Land value taxation is any tax levied on land-owners in proportion to the value of their land, irrespective of its improvements.
In most countries land value taxes are familiar enough in connection with other taxes. This is so in the United States, where real estate taxes are (a) in part taxes according to the value of improvements, and (b) in part taxes according to the value of land.
Land value taxation may thus supply (a) a greater or less proportion of the public revenues, the rest being obtained from taxes on improvements, personal property, incomes, business licenses, and so on; or (b) it may be exclusive, public revenues being raised from no other source.
When land value taxation is exclusive, it is appropriately enough called the Single Tax, meaning only one tax and that upon land values.
The Single Tax (exclusive land value taxation) may vary in degree, from (a) a rate that will supply revenues sufficient only for the bare needs of government, to (b) a rate high enough to appropriate to public use approximately the entire annual value of land.
The annual needs of a government might coincide approximately with the annual value of the land within its jurisdiction, in which case there would be no practical difference between a land value tax sufficient merely for public needs, and one high enough to appropriate approximately all annual land values. Theoretically, however, the difference is to be observed; for there is a difference in theory and there might be in practice.
We may make the following enumeration of different kinds or degrees of land value taxation:
The first three items in the foregoing enumeration, being fiscal in character, belong especially in Parts One and Two of this volume. The fourth and fifth belong more strictly in Part Three, as methods of industrial reform. The chief object of the fourth is to discourage large holdings and to encourage small ones; the object of the fifth, comprehending that of the fourth, is to take land values for common use while leaving private earnings to individual earners.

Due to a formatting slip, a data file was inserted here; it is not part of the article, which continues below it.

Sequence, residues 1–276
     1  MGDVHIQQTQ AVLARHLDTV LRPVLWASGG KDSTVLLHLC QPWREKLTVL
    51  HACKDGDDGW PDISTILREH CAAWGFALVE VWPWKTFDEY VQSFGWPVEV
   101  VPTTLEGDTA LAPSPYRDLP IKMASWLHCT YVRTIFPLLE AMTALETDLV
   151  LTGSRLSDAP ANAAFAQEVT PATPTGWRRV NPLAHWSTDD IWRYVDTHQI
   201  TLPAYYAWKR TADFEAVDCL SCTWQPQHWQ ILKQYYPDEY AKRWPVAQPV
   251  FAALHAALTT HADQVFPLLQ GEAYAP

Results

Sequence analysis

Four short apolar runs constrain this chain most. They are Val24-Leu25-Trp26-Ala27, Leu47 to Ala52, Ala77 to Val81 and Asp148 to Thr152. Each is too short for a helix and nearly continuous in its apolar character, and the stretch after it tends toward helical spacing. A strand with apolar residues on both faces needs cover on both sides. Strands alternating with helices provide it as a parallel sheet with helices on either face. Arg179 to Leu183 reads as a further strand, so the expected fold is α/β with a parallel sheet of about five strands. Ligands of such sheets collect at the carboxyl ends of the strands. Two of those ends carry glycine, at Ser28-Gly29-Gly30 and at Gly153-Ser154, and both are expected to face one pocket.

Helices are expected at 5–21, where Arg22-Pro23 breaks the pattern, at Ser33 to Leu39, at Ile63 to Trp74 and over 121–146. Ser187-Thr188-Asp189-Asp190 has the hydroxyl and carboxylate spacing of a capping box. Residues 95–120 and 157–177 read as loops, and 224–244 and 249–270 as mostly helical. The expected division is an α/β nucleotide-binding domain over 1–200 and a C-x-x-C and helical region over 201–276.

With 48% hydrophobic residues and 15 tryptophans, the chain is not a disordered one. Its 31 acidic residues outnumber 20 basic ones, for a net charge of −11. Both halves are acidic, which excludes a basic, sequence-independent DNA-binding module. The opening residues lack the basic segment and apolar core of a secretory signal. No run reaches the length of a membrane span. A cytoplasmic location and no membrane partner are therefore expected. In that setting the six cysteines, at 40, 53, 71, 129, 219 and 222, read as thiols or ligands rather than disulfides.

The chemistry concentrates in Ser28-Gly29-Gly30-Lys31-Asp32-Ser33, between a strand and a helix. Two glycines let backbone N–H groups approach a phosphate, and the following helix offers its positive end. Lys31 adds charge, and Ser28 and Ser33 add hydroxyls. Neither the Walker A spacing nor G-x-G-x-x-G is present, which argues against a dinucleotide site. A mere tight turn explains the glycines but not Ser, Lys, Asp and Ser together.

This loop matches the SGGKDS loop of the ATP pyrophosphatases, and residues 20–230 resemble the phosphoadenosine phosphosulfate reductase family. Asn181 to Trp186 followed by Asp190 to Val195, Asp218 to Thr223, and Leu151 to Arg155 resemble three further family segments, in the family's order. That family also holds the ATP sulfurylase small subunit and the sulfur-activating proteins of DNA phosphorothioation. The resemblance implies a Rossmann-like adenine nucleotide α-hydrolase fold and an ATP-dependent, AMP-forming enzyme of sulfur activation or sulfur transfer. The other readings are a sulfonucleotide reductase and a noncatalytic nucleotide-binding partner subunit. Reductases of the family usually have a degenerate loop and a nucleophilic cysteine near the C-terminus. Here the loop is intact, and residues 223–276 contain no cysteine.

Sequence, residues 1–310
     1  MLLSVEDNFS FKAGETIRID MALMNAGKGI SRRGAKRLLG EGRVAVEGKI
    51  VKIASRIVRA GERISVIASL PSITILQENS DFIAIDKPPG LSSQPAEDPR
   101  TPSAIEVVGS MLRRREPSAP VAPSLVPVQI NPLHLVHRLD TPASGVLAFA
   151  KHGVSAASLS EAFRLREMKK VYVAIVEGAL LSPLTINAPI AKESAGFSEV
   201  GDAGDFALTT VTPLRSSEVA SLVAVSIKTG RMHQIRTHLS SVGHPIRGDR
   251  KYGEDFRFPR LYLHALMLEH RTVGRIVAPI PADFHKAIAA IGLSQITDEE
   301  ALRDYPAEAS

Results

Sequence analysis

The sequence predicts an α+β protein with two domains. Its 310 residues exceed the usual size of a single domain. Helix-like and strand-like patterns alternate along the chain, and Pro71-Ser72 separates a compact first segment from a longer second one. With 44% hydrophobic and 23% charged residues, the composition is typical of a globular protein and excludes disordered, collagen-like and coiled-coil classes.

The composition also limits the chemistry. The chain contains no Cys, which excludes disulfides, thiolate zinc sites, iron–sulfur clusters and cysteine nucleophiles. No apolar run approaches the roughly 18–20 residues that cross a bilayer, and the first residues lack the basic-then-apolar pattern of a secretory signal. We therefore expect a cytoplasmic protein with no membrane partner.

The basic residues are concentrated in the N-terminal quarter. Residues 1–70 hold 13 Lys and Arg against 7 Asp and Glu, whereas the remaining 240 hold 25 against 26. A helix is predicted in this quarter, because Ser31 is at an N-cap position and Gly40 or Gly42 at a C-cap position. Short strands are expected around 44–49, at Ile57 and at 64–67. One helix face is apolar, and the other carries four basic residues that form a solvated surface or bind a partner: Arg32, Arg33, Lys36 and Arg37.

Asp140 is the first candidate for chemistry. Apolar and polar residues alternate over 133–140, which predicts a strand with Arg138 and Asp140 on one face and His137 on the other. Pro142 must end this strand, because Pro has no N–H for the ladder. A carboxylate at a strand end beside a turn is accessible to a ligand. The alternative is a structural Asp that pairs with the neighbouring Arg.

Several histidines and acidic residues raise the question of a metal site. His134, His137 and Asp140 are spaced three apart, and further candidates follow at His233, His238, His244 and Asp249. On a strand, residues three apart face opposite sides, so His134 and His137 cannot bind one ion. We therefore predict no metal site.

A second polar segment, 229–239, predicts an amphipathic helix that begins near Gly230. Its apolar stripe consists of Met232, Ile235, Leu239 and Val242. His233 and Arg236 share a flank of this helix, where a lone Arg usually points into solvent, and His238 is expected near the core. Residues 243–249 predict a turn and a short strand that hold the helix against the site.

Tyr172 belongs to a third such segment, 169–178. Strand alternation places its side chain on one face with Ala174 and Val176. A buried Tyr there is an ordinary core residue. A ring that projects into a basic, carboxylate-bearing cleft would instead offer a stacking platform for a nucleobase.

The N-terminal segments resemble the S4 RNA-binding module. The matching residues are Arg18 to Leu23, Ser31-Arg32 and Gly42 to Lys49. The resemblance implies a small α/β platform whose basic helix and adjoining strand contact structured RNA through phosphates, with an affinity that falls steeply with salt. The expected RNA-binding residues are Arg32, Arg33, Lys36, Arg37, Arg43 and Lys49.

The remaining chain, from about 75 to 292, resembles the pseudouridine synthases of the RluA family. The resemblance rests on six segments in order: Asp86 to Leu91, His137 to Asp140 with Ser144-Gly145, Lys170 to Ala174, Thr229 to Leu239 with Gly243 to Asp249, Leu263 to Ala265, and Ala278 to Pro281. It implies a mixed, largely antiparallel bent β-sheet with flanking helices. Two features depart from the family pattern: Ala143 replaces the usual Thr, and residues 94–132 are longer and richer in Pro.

It is to be observed, howeyer, that all are fiscal, for any of them would
produce public revenues; and that all are industrial, for any of them would
tend to promote freedom of industrial production and justice in the
distribution of industrial products.
This proposal, long known as The Single Tax, is coming to be better and more favorably known as Land Value Taxation. Under its operation all classes of workers, whether manufacturers, merchants, bankers, professional men, clerks, mechanics, farmers, farm hands, or other working classes, would, as such, be wholly exempt from taxation.
It is only as men own land that they would be taxed, the tax of each being in proportion, not to the area, but to the value of his land.
And no one would be compelled to pay a higher tax than others if his land were improved or used while theirs was not, nor if his were better improved or better used than theirs. The value of its improvements would not be considered in estimating the value of a holding; site value alone would govern. If a site rose in the market, the tax would proportionately increase; if it fell, the tax would proportionately diminish.
Land value taxation, therefore, when carried to the point of the Single Tax (whether limited or not) may be concisely defined as a tax upon land alone, in the ratio of value and irrespective of its improvements or its use.